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Poster E65

Is the late positive potential (LPP) a marker of emotional memory encoding and consolidation?

Poster Session E - Monday, April 15, 2024, 2:30 – 4:30 pm EDT, Sheraton Hall ABC

Hannah R. Piccirilli1 (, Eric C. Fields; 1Westminster College

This study investigates the role of the late positive potential (LPP) in the encoding and consolidation of emotional memory. The LPP is the component of the event-related potential (ERP) that is most consistently modulated by emotion, but the cognitive function represented by the LPP is currently unclear. It is well known that emotion affects how well information is remembered, and some studies suggest that LPP amplitude predicts later memory. The present study tests the hypothesis that the LPP is related to processes that enhance memory for emotional stimuli; more specifically, we hypothesize that the LPP may represent the process by which emotional memories are “tagged” for enhanced consolidation. In a pre-registered study, we recorded EEG as participants read negative and neutral words. Memory for these words was then tested at both a short delay (~15 minutes) and a long delay (~24 hours and after a period of sleep). We hypothesize that trials with larger LPPs will be more likely to be remembered, and that the LPP will mediate the relationship between emotion and memory. If the hypothesis about tagging for consolidation is correct, we expect these effects to be more pronounced after the long delay, during which memory consolidation occurs.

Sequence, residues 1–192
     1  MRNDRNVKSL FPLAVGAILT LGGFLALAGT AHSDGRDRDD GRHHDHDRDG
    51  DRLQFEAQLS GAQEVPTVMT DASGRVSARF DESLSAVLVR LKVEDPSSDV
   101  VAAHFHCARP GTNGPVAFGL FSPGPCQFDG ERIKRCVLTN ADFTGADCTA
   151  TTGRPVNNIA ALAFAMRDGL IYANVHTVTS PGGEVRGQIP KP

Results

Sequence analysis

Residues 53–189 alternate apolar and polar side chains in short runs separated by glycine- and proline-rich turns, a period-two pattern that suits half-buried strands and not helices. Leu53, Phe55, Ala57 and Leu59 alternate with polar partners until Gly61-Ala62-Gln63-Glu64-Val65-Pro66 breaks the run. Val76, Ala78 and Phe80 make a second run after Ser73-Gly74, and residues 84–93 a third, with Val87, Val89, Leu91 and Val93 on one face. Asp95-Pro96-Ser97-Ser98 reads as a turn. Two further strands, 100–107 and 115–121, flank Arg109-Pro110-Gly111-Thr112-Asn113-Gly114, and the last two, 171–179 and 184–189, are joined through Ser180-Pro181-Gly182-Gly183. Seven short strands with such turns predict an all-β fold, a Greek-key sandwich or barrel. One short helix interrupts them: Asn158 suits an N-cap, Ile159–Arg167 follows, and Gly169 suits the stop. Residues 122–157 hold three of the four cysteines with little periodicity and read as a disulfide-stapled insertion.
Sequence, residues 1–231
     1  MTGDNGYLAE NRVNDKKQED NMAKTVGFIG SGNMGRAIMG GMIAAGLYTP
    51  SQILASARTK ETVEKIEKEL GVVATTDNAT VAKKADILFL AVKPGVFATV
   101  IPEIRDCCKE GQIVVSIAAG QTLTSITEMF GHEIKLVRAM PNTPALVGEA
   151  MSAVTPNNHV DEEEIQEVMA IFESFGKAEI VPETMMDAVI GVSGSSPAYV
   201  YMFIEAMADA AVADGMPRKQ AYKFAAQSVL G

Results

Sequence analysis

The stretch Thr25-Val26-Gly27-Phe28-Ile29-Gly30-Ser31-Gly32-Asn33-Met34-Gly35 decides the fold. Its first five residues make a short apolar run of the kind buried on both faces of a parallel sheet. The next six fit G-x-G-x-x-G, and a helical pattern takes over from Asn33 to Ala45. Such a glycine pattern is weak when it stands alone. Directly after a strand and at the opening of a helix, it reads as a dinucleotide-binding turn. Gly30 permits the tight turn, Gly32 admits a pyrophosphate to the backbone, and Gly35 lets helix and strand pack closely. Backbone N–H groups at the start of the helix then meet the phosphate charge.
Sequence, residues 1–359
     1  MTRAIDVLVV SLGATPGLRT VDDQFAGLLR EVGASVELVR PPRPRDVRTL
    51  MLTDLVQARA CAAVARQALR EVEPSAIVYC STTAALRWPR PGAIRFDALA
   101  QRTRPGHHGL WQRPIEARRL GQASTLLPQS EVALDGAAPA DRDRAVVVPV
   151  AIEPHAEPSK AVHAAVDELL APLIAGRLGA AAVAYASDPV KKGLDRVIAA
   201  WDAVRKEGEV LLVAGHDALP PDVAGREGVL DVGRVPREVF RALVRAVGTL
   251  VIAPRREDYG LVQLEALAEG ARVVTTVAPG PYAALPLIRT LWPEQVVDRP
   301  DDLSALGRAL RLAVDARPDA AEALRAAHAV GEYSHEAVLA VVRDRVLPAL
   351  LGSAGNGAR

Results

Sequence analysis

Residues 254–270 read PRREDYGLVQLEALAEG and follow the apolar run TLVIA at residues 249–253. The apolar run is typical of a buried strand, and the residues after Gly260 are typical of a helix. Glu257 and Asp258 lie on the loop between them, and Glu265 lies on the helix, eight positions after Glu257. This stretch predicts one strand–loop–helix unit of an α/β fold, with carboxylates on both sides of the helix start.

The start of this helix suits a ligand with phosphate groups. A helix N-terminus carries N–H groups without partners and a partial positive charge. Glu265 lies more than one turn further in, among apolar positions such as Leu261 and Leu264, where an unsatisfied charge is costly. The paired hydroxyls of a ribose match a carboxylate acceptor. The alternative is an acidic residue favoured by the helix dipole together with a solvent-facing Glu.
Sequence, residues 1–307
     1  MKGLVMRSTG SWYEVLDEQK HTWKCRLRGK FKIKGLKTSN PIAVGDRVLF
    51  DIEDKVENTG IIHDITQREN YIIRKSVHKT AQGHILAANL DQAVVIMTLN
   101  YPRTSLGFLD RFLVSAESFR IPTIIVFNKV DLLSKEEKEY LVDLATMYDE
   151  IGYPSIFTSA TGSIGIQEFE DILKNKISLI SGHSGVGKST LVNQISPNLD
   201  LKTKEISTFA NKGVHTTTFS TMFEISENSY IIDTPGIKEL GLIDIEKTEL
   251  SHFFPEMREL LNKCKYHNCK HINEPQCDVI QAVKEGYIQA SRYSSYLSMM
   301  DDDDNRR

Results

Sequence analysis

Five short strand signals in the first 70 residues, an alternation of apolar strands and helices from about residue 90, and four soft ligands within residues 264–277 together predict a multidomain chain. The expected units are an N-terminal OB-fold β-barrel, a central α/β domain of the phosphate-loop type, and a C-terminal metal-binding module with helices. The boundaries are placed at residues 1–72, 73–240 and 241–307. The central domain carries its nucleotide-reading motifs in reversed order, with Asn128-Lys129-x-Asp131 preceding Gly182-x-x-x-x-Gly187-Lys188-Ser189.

Topic Area: LONG-TERM MEMORY: Other


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April 13–16  |  2024